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Not quite the building blocks of secularism that we want

The editorial This is in bad faith (Our Take, September 16) brings to light the negligence of the authorities responsible for checking the illegal construction of places of worship. In a pseudo-secular country like ours, it’s very difficult to oppose their construction and impossible to demolish them for fear of sparking off a communal riot.

india Updated: Sep 19, 2010 23:27 IST

Not quite the building blocks of secularism that we want

The editorial This is in bad faith (Our Take, September 16) brings to light the negligence of the authorities responsible for checking the illegal construction of places of worship. In a pseudo-secular country like ours, it’s very difficult to oppose their construction and impossible to demolish them for fear of sparking off a communal riot.

Ravi Prakash, Sultanpur

II

In India it’s possible to commit any crime in the name of religion and get away with it. However, in today’s day and age when sadhus and babas enjoy political patronage and get vast tracts of land on subsidised rates to build ashrams, raking up issue of roadside encroachments by temples sounds very 20th century.

Deepjot Thukral, Ambala

A failure of governance

I disagree with Samar Halarnkar’s views as stated in the article The problem is Delhi (Maha Bharat, September 16). He blames the Centre for the unrest in Kashmir and hints at the fact that repealing the Armed Forces Special Powers Act (AFSPA) would improve law and order situation. But lifting AFSPA will strengthen the separatist elements and terrorists. And even if New Delhi is the real problem, revolting against it is not an option.

Ram Anuj, Dehradun

II

Ashok Bhan’s article All eyes on New Delhi (September 15) made for interesting reading. It’s true that the situation in 2010 is different from that in the 90s. But such an argument can’t be the basis for repealing AFSPA. Selfish politicians are misleading the youth in Kashmir. The state’s political leadership has failed to handle the crisis. It should have reached out to the youth in an early stage of the crisis. Now, it should try to create more job opportunities and also encourage youngsters to join mainstream politics.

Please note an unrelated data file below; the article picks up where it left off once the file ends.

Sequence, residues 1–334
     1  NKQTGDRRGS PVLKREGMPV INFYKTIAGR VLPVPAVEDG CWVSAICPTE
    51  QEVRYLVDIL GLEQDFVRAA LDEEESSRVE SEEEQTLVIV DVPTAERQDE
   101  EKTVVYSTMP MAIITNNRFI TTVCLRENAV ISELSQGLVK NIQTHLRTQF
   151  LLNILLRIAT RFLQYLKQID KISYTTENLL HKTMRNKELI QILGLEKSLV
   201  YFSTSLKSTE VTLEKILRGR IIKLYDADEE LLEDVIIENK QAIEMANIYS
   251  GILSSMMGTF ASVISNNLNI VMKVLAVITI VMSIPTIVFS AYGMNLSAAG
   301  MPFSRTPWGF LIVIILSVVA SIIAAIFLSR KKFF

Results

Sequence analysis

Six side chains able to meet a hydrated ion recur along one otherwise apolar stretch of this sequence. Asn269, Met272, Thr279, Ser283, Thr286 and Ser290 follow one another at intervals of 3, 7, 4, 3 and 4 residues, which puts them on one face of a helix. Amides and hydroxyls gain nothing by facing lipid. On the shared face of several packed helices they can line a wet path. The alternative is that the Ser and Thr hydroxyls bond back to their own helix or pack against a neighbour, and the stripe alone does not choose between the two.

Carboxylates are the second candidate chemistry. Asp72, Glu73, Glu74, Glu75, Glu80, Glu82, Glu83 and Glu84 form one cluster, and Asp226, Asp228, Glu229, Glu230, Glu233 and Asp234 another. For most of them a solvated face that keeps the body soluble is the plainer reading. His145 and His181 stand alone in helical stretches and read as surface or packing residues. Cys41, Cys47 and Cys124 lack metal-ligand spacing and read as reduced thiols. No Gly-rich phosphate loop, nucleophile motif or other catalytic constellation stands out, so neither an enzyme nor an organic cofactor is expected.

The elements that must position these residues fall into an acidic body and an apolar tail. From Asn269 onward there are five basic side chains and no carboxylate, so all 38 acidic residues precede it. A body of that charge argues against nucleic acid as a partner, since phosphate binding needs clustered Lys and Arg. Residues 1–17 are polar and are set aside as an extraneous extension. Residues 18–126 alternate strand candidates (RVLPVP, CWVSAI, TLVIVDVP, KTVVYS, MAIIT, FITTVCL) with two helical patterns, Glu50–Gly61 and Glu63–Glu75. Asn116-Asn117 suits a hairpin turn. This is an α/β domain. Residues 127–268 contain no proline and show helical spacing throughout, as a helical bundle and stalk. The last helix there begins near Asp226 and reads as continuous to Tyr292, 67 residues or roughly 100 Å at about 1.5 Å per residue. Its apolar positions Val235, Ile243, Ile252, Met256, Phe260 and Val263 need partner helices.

Dushyant Singh Panwar, Delhi

III

With reference to the report Omar to stay CM, is backed by Rahul (September 17), it is surprising that without having visited Kashmir even once after the present crisis, Rahul Gandhi has an opinion on the matter. He should realise that Kashmir is not Bihar, where a fiery speech against the Congress’s political rival is enough to win people over. Coalition politics is forcing the Congress to back Jammu and Kashmir Chief Minister Omar Abdullah even when anti-state government sentiments are running high in the Valley.

A.H. Maqdoomi, Gulbarg

Chinese checkers for India

With reference to G.D. Bakshi’s article Breathing down our neck (September 17), unlike what some experts believe, China has never been India’s ally. Its presence in Gilgit is a matter of grave concern. India is surrounded by its hostile neighbours. It’s important that we are prepared for all eventualities. Even Pakistan should be wary of China, which is trying to take advantage of its hostile ties with India.

Bal Govind, Noida

In the worst of healthcare I wholeheartedly agree with Lalita Panicker’s view that it’s high time smart solutions replace lengthy policies on maternal healthcare (It’s an emergency, September 17). How can a nation aspire to lead the world when millions of mothers and newborns die every year due to lack of proper medical facilities? The health ministry is adept at holding frequent conference and seminars on the issue. But when it comes to implementing the existing policies or formulating new ones, it throws up its hands. This attitude must change.

Saira Jacobson, via email